Heard an interview with Malcolm Gladwell, the author of BLINK, on NPR early in 2005. It was just after I had to make a critical spot decision in seconds… then wondered for hours whether it had been the right thing to do. As it turned out weeks later, it was the correct decision to make, and in those weeks I had taken the opportunity to read this book, an impromptu personal gift from someone very close.
Had I read the book before, I would have felt more confident in my ability to make an intuitive snap decision that was right.
We all have to make quick decisions in our daily lives, some mundane and some critical. We make quick decision as simple as to what we will eat for lunch. We may also have to make fast critical decisions, such as how to avoid an impending car accident: do we brake, swerve or accelerate. And it’s just this “rapid cognition” that Gladwell writes about so well that can make the difference.
One could easily assume that BLINK is about dealing with intuition, as a colleague of mine thought when I described the book. That’s not what it’s about, because intuition is more of a concept used to describe our “gut feelings,” our emotional reactions that aren’t always very rational. BLINK deals with those rational first two second that are our rapid cognition.
Gladwell points out that contrary to the way were raised from childhood, there are times of stress and high pressure when fast judgment calls and first impressions are a better choice than slow, deliberate thinking for making sense of the world around us.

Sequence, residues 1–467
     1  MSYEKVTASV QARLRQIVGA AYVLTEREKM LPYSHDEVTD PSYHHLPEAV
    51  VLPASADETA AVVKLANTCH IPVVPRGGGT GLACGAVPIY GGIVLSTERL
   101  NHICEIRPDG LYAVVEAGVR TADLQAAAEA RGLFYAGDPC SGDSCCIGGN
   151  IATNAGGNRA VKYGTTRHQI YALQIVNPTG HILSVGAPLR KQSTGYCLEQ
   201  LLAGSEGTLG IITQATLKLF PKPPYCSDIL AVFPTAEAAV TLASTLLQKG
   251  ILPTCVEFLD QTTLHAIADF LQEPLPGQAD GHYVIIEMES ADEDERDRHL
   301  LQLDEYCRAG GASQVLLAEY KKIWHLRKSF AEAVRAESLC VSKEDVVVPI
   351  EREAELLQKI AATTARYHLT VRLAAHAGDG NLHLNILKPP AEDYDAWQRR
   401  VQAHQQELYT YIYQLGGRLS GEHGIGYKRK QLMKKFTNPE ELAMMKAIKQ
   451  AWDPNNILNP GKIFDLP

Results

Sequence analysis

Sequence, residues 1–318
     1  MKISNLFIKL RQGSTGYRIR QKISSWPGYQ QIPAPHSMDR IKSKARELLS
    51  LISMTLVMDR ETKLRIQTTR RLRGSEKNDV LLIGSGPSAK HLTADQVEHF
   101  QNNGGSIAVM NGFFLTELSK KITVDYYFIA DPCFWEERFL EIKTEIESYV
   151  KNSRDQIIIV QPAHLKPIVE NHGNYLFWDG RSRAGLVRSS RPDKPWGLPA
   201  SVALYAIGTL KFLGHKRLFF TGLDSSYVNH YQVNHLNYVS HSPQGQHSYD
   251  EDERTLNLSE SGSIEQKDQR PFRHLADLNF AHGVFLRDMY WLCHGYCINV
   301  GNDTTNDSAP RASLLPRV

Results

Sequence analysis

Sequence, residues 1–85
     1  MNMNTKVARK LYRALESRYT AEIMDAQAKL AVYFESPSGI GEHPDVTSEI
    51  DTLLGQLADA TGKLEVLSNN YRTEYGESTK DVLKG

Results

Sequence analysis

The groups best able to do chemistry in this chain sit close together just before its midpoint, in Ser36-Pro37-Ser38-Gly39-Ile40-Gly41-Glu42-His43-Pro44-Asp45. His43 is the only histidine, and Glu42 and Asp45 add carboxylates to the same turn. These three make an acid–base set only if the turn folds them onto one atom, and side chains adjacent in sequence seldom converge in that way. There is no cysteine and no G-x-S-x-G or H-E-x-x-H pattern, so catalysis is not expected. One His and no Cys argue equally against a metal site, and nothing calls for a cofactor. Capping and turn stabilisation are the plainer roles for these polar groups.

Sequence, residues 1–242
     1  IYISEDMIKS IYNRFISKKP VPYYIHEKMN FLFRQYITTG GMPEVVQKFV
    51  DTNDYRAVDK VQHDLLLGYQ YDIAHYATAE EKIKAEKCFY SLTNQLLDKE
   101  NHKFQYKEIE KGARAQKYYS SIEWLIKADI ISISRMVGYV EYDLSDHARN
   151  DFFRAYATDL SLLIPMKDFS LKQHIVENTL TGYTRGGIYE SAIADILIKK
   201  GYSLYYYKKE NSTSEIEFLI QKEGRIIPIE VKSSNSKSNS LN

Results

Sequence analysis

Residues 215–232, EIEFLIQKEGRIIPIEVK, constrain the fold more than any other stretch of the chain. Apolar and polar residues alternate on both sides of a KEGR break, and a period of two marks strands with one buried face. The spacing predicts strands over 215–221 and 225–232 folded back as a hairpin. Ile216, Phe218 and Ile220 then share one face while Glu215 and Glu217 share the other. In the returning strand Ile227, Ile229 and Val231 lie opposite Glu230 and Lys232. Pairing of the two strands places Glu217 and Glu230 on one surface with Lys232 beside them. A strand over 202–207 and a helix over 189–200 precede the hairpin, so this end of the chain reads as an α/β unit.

His examples are superb: code breaking during World War II, speed dating, marriage, medical malpractice (insightful – do read it twice). He even covers things as unusual as what you can discover about a person by being aware of what you see when looking around their bedroom, and interesting views about the best car dealer in New Jersey. You’ll just have to read the book to understand where rapid cognition fits in.
There is an entire chapter dealing with the power of “thin slicing” that deals with what some psychologists have recognized is our ability to make good judgement calls based on the “thinnest slice of experience.” The author delves into this subject quite well, and the examples that he offers are amazing.
But can rapid cognition go wrong? It it always the right way to approach things? Just read about what Gladwell calls the “Warren Harding Error” for the answer. He makes a compelling case for the fact that we can and will make “Warren Harding Errors” in so many types of circumstances, especially when it comes to hiring personnel. His suggestions here will help one recognize the differences between good rapid cognition and bad rapid cognition. Split-second decisions can often be either more accurate than many months of project management or scientific planning, or they can become tragic disasters. In this book the author shows that you can educate and exercise your rapid cognition to avoid hazardous traps.
We all recognize the importance of what happens in dating relationships at that instance when two people first meet. But it seems difficult to face the significance of what happens in the critical first seconds when we interview someone for a job, someone offers a new idea, or when a police officer has to make a critical quick decision at the moment a crime is being committed. Gladwell makes a compelling case to make us take rapid cognition as a part of our critical thinking process.
BLINK deals with those small situations we all face in our daily lives, with assumptions that show up when we meet new people, make important personal and business decisions under stress, or when we are forced to meet complex situations head-on.
This is one of those books that comes along and changes the way that you see the world around us. It’s a fairly fast read, neither too light nor too heavy, and if you’re anything like this reader, you’ll want to read it a second time just to get a bit more out of it.
Had reviewed this book on Amazon.com last fall, and have since given it as a gift.